National Geographic : 1962 Jan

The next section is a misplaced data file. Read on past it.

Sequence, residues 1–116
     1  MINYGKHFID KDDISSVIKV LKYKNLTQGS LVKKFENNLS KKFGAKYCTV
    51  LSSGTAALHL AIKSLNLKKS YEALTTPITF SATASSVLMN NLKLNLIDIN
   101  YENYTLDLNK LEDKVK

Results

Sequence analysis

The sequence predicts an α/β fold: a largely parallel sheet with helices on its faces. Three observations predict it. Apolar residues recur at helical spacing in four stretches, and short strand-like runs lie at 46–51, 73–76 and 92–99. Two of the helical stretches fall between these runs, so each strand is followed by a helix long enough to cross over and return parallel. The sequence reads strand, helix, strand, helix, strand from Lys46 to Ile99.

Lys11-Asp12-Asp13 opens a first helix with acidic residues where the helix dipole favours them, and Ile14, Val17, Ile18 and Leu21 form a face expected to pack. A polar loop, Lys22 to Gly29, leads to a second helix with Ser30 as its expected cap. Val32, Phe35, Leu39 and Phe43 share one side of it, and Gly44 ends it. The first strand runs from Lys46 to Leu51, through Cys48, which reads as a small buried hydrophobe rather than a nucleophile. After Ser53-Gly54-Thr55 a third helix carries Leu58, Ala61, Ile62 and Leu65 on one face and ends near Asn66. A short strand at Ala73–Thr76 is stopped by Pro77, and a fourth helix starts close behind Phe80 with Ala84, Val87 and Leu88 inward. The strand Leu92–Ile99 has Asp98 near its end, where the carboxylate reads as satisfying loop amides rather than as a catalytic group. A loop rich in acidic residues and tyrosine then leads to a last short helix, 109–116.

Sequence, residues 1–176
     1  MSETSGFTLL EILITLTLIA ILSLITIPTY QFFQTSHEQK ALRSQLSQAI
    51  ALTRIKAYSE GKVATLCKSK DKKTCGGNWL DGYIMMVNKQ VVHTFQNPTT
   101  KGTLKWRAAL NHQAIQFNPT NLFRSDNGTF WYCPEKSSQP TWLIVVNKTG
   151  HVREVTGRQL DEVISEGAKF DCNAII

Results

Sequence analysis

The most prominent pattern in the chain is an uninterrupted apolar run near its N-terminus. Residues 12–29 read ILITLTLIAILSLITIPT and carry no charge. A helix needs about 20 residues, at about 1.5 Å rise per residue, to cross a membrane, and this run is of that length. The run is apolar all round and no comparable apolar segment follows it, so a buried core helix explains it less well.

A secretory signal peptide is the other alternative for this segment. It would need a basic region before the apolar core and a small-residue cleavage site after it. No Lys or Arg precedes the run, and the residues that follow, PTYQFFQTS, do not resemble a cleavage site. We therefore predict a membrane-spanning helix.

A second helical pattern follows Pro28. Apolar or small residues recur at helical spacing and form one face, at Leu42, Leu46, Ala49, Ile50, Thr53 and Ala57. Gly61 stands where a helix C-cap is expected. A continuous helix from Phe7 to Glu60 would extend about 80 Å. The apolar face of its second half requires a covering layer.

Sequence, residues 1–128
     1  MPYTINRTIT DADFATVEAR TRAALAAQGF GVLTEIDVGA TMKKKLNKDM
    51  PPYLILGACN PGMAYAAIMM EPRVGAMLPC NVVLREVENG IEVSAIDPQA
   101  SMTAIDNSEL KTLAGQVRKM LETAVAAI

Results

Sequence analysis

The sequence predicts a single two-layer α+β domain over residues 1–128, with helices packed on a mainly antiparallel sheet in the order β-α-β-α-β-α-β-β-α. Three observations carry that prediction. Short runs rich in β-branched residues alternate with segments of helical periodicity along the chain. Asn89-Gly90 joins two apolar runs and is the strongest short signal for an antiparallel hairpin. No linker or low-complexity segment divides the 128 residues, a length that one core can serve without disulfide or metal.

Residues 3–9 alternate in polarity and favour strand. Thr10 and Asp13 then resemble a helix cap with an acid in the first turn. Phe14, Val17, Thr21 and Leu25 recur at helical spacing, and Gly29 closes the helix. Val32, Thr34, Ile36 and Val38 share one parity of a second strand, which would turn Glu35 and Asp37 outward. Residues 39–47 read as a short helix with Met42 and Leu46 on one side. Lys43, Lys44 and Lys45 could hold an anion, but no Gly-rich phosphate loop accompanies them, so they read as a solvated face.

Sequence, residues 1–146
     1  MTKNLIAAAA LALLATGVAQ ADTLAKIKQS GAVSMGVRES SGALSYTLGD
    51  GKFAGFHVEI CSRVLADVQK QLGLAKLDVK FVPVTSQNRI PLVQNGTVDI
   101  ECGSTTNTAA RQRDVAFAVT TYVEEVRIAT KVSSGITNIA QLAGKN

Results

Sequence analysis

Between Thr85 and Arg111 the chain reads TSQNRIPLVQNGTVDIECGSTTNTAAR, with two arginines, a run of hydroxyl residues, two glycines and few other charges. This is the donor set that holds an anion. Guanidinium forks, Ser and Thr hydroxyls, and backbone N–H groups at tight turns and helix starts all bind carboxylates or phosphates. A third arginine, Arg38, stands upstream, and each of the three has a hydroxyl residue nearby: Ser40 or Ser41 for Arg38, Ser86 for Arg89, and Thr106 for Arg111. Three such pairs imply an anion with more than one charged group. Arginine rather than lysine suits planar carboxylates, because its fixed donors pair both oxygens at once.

Big-lipped I dians . icle and photographs by HARALD SCHULTZ T IS SUMMER in the Southern Hemi sphere. From the hot, steaming heart of Brazil, word comes that a primitive tribe, the Suya, has discovered the 20th-century world and made peace with civilization. To me at the Sao Paulo State Museum this news is most exciting. The Suya have long been feared as one of Brazil's fiercest tribes. Little is known about them except that their men distort the lower lip grotesquely by mak ing a hole and inserting progressively larger disks of light wood. What a challenge, what an opportunity for the student of primitive man! I study a map and make inquiries.... By Air to an Outpost of Civilization Now the little Piper plane climbs steeply from the new landing strip on Bananal Is land and heads westward (map, left). Bushy plain and virgin forest stretch to the farthest limit of vision, broken only by the gleam of lakes and rivers. Smoke rises from the fires of the dry season, veiling the blue of the sky. The little plane rocks and dips in the wind and the rising thermal currents. At last I see in the distance a silver-gray sinuous band-our goal, the Xingu River. In its forests and endless savannas, a few In dian tribes still pursue their original way of life in heavenly freedom. How long will this last? Today their domain is more and more threatened by small farmers and cattlemen. The Piper circles over the river, then glides to a fresh clearing in the forest and halts be tween rows of straw-thatched houses. This is one of civilization's last outposts, the tiny settlement called Diauarum. Two gentlemen with black beards meet the plane. They are the famous Villas Boas brothers, Claudio and Orlando. For nearly two decades they have looked after the In Turned-up disk shows the well-developed lip muscle of a Shukahamae Indian. Unlike the Suya (opposite page), he started wearing his disk in childhood. Lip disks of Brazilian Indians are smaller than the platters once worn by the Afri can Sara, miscalled Ubangis, who deformed the upper lip as well. Stretched lip and disk of the well-dressed Suya are dyed red. One-eyed Robnd6 wears earplugs of twisted palm leaves whitened with chalk, a broad band of red dye across eyes and cheeks, and a palm-frond headband. The beads were giv en him by the author. Robnd6 is one of 65 living Suya. Map locates their home.